The once peaceful province of Negros Oriental has become the de facto killing fields of the Philippines in the past few years, with the implementation of the Armed Forces of the Philippines’ (AFP) and Philippine National Police’s (PNP) counter-insurgency measure Oplan Sauron and the directive by President Rodrigo Duterte to intensify security measures in his Memo Order no. 32.
That reputation was only bolstered by recent news of four police officers killed by suspected New People’s Army (NPA) rebels in the town of Ayungon, in the hinterlands of this province. Initial reports indicate that the slain officers were intelligence agents for the PNP, and were ambushed on their way to meeting an asset in the area.
However, sources of the PNP and government media later reported that the four policemen were not ambushed but actually taken hostage, tortured and summarily executed by the NPA. Changing the details of the incident turned the slain policemen from unfortunate casualties of a legitimate clash with the revolutionary fighters, to hapless victims of what Police Brig. Gen. Debold Sinas described as a “cold-blooded murder”.
If this new narrative of a summary execution and torture of prisoners-of-war is true, the NPA not only violated Geneva Convention rules on the treatment of POWs but also their own rules of conduct as stated in the “Eight Points of Attention” which states – “do not ill-treat captives”. The revolutionary fighters are known for strictly abiding by these rules of warfare, with the latest example just early this year after 15 soldiers and government militiamen captured were later released unharmed.
Which is why the allegations by Police general Sinas is highly uncharacteristic of the NPA, and there is much reason to doubt after the earliest reports released by the PNP already declared that an ambush took place which resulted in a legitimate clash between the rebels and the policemen.
Police Major Leo Logronio said in a report that the slain government agents were “killed instantly” during the attack, which contradicts the report that the casualties were first taken hostage and later taken to another location to be tortured and then summarily executed.
Another report by the Negros Chronicle, the main local newspaper of Negros Oriental, claimed that the police agents were fired upon while approaching a residential house. That would be consistent with an ambush scenario, rather than one where the officers were taken hostage.
But the PNP insisted on their narrative, that their fallen comrades were killed not in a shoot-out but rather brutally executed by the NPA. The official report by the regional commander Brig. Gen. Sinas is that the four policemen were taken captive, hogtied, and tortured inside the home of a civilian.
Sinas also alleged that there was no exchange of fire between the two sides, with the gunshots only coming from the NPA fighters. This new narrative is now being pushed to win a PR battle for the government, with the AFP’s Major General Antonio Parlade Jr, using it to target human rights group for not condemning the attack by the NPA.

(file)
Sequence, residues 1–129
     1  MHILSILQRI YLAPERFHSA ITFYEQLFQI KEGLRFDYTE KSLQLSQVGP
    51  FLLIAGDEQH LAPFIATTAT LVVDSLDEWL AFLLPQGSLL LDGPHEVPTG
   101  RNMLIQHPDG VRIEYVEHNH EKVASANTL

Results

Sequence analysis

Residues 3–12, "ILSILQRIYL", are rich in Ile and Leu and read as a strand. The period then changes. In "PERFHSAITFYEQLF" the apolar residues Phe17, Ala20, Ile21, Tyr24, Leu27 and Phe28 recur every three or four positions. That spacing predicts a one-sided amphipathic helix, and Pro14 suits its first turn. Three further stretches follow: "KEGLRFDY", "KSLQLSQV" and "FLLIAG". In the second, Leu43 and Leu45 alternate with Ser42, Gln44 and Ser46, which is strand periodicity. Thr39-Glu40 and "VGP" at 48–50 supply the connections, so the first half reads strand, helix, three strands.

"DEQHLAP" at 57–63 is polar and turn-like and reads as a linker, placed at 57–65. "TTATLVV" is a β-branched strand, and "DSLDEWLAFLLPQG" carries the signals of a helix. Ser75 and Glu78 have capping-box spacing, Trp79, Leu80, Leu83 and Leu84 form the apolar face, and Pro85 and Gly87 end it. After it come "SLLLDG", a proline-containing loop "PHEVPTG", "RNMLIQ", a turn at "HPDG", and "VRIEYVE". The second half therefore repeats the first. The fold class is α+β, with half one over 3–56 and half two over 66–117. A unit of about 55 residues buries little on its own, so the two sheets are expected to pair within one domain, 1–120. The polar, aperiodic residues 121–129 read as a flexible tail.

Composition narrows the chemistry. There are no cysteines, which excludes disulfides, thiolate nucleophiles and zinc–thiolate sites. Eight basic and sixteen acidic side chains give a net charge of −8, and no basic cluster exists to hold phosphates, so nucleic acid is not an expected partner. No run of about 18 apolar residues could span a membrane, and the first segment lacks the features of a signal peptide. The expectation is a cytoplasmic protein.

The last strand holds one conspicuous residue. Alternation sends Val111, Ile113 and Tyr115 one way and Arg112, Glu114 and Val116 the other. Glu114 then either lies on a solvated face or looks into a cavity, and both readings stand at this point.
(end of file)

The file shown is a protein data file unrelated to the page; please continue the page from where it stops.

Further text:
The NPA, for their part, admitted to the slaying of the four police agents but made no mention of an alleged torture and summary execution. A spokesperson for the Mt. Cansermon Command of the rebel group said that the police officers were slain for being spies for the government and for allegedly harassing farmers in the area.
From their respective statements, we can see that a PR battle is shaping up between the NPA, the PNP and the AFP. The government forces are portraying the incident as a testament of the rebel group’s brutality and utter disregard for human rights, while the revolutionary fighters depict the killings as an act of war and a defense of poor peasants in the area.
What is clear however, is that the NPA have a long history of humanely treating their POWs and releasing them unharmed, whether they are police officers, or soldiers, or even combatants from the government’s many paramilitary units. In 2015, the rebel group even released a POW to then-Davao City mayor Rodrigo Duterte himself – who is now President – which means even the current commander-in-chief of the armed forces knows first-hand the restraint the NPA have.
For the revolutionary group to act like complete terrorists now, breaking international humanitarian conventions, is illogical. What is more believable is that the PNP in Negros Oriental suffered an embarrassing misstep, which is something they cannot afford to do as they incurred a heavy defeat two years ago after the NPA engaged them in a firefight and the government forces lost six men.
To deflect the blame from an obvious lack of counter-intelligence measures, and for Brig. Gen. Sinas to save face, the narrative of torture and summary execution has been pushed instead. Whether or not that is true has not been corroborated by independent investigators, currently a narrative being pedaled only by the side of the government.
As neutral observers, it is important to maintain neutrality and to withhold judgment before any third party independent inquiry can be made. In warfare, armed combat is not the only instrument to achieve victory – psywar also remains a very potent weapon in winning the war.